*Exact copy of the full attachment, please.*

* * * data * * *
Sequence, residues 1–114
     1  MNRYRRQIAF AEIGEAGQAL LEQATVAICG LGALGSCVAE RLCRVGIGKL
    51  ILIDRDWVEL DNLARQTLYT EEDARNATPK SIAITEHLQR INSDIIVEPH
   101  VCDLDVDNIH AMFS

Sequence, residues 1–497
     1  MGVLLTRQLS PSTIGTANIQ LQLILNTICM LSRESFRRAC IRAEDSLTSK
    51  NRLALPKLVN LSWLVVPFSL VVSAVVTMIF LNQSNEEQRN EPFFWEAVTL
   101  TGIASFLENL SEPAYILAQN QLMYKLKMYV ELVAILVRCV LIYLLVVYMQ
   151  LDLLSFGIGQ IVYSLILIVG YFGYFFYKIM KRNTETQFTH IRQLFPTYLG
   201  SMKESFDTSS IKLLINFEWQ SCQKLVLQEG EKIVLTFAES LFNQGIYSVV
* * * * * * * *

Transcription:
Sequence, residues 1–114
     1  MNRYRRQIAF AEIGEAGQAL LEQATVAICG LGALGSCVAE RLCRVGIGKL
    51  ILIDRDWVEL DNLARQTLYT EEDARNATPK SIAITEHLQR INSDIIVEPH
   101  VCDLDVDNIH AMFS

Sequence, residues 1–497
     1  MGVLLTRQLS PSTIGTANIQ LQLILNTICM LSRESFRRAC IRAEDSLTSK
    51  NRLALPKLVN LSWLVVPFSL VVSAVVTMIF LNQSNEEQRN EPFFWEAVTL
   101  TGIASFLENL SEPAYILAQN QLMYKLKMYV ELVAILVRCV LIYLLVVYMQ
   151  LDLLSFGIGQ IVYSLILIVG YFGYFFYKIM KRNTETQFTH IRQLFPTYLG
   201  SMKESFDTSS IKLLINFEWQ SCQKLVLQEG EKIVLTFAES LFNQGIYSVV